August 27, 2014

IN DUTCH:

François Hollande's Terrible, Horrible, No Good, Very Bad Week (ARTHUR GOLDHAMMER, AUGUST 25, 2014, American Prospect)

At the center of Hollande's domestic policy is the so-called Responsibility Pact, which proposes shifting employer-paid payroll taxes to individual taxpayers, coupled with unspecified cuts in government spending. The measure is deeply unpopular, especially on the Left, so much so that it triggered a fronde, or insurrection, in the ranks of the president's own Socialist Party. Prime Minister Manuel Valls nevertheless succeeded in mollifying the hundred or so dissident deputies, only to see the provisions of the Pact that were intended to ease the additional tax burden on the poorest taxpayers struck down by the Constitutional Council, a French judicial body that determines whether legislation conforms to the nation's Constitution.

The president's uncompromising interview with Le Monde may have been intended to send a signal of resolute firmness, but its immediate result was to stiffen the resistance of the frondeurs.
The government was therefore already facing a restive majority, half of whose members were insisting on a major revision of this key measure before voting on a new draft designed to pass muster with the Constitutional Council. The president's uncompromising interview with Le Monde may have been intended to send a signal of resolute firmness, but its immediate result was to stiffen the resistance of the frondeurs. Then, on Thursday, the day after the interview, a new book harshly critical of the president's leadership appeared. The author was Cécile Duflot, a leader of the Green Party, who had been the environment minister until she walked out in protest, ending her party's coalition with the Socialists.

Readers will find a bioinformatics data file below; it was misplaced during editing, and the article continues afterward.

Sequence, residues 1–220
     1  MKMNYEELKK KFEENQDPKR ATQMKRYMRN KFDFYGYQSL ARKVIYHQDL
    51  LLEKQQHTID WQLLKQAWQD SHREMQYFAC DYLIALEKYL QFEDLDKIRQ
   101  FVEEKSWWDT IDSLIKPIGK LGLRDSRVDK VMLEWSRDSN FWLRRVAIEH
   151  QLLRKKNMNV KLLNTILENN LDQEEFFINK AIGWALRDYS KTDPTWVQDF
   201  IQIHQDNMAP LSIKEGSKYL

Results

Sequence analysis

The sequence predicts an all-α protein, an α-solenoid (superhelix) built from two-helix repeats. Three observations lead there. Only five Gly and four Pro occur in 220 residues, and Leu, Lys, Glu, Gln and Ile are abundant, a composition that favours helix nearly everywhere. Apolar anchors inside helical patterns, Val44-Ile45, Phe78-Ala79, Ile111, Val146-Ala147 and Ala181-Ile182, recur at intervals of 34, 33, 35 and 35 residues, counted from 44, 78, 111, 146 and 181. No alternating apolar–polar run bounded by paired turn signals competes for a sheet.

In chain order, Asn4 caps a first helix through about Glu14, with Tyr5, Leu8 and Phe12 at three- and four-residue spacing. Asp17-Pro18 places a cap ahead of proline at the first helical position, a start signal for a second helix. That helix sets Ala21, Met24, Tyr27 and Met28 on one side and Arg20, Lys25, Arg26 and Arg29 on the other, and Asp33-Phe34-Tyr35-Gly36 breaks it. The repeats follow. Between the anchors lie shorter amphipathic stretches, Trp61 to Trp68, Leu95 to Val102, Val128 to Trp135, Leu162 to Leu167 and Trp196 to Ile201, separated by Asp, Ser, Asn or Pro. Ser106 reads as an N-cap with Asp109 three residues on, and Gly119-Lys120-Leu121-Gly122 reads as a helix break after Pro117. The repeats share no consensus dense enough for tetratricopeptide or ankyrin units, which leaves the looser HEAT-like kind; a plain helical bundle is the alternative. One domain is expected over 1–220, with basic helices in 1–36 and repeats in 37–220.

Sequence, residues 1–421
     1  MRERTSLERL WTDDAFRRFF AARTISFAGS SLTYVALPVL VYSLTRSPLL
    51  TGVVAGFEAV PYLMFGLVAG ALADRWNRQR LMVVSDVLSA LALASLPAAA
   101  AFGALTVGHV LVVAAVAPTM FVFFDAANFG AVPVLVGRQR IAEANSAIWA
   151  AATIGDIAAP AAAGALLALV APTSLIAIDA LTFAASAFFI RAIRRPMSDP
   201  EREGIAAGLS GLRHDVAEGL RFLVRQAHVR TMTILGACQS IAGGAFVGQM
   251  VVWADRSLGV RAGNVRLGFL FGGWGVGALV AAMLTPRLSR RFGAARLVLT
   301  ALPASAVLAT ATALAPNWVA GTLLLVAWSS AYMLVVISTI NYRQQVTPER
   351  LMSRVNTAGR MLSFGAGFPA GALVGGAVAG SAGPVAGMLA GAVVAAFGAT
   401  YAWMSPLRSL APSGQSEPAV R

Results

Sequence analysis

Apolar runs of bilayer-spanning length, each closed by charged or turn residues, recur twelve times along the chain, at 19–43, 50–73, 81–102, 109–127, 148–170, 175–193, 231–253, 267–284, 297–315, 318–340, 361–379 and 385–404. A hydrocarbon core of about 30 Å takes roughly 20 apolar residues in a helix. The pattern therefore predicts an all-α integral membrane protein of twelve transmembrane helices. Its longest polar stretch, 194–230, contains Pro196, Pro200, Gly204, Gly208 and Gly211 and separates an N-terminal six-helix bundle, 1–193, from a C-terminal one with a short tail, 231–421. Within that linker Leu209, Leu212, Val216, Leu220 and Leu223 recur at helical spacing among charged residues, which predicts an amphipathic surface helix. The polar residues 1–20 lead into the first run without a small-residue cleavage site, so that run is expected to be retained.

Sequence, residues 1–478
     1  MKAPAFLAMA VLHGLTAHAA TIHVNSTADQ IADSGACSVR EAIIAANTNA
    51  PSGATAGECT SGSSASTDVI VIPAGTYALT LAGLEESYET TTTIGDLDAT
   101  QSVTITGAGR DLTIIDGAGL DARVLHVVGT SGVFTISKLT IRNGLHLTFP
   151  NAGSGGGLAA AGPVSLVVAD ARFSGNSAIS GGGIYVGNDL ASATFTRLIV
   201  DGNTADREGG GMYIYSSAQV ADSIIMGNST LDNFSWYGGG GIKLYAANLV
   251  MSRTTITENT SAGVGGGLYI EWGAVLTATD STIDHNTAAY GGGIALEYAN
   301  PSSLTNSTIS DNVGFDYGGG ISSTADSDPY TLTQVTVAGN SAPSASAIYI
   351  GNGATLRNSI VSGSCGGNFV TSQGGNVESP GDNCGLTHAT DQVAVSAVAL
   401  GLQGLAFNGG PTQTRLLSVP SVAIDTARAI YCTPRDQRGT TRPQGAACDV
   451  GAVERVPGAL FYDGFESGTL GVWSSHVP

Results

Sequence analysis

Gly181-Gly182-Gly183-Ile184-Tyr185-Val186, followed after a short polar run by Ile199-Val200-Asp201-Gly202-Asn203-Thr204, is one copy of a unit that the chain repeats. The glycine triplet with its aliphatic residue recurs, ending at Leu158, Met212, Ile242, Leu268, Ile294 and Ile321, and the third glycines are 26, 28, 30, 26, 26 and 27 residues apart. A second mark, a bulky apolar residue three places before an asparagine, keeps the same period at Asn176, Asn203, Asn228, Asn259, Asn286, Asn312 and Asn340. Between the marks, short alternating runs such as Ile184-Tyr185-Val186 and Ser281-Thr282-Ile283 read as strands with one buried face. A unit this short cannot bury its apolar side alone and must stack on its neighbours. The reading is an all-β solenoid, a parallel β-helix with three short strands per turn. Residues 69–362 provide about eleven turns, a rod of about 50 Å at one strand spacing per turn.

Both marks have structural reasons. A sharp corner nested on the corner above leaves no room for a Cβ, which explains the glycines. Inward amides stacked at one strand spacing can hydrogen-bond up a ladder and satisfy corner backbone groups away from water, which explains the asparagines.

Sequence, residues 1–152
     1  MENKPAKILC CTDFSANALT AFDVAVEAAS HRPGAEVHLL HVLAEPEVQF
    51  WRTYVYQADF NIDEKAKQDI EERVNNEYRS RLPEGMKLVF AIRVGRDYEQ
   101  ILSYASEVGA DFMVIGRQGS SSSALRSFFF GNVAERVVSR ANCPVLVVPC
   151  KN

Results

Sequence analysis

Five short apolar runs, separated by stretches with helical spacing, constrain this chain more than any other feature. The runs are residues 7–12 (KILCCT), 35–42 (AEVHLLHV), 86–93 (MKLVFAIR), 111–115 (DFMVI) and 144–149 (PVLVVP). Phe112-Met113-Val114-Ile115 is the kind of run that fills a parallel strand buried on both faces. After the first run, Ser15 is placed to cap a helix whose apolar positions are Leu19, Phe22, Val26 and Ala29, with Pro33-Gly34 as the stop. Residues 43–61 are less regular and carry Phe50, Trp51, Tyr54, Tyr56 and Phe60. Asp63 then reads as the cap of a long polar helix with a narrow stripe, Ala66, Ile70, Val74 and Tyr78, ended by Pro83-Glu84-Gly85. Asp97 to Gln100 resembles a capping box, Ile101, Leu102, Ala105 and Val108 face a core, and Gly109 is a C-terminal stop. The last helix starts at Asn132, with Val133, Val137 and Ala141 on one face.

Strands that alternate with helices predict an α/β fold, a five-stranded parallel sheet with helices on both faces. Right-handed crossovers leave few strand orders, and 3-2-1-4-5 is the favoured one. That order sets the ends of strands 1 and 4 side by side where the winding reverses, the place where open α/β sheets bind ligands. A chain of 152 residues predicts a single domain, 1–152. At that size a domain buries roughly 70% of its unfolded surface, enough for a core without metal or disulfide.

On Friday, Arnaud Montebourg, the minister of the economy, also spoke to Le Monde, openly repudiating the president's "stay-the-course" rhetoric. Hollande had called for "an acceleration of the reforms," but as far as Montebourg was concerned, the reforms were leading France straight into a wall--although unemployment was continuing to rise, the deficit was only getting worse, not better--and acceleration would simply increase the damage. On Saturday, education minister Benoît Hamon joined Montebourg in calling for a change of policy, and on Sunday evening the two appeared together at Montebourg's Festival of the Rose, an annual event in which he celebrates socialism in his Burgundian fiefdom with lofty rhetoric lubricated by good red wine.

For Prime Minister Manuel Valls, the sight of his two ministers on the evening news, wine glasses in hand, jocularly proclaiming loyalty to a president whose policy they simultaneously denounced, was the last straw. He had made "governmental solidarity" a tenet of his leadership and had no intention of tolerating the open insubordination that had made his predecessor, Jean-Marc Ayrault, with whom Montebourg had previously locked horns, a laughingstock. On Sunday night he informed the president that it was "either Montebourg or me," and on Monday morning he announced the dissolution of the government.
Posted by at August 27, 2014 2:15 PM
  
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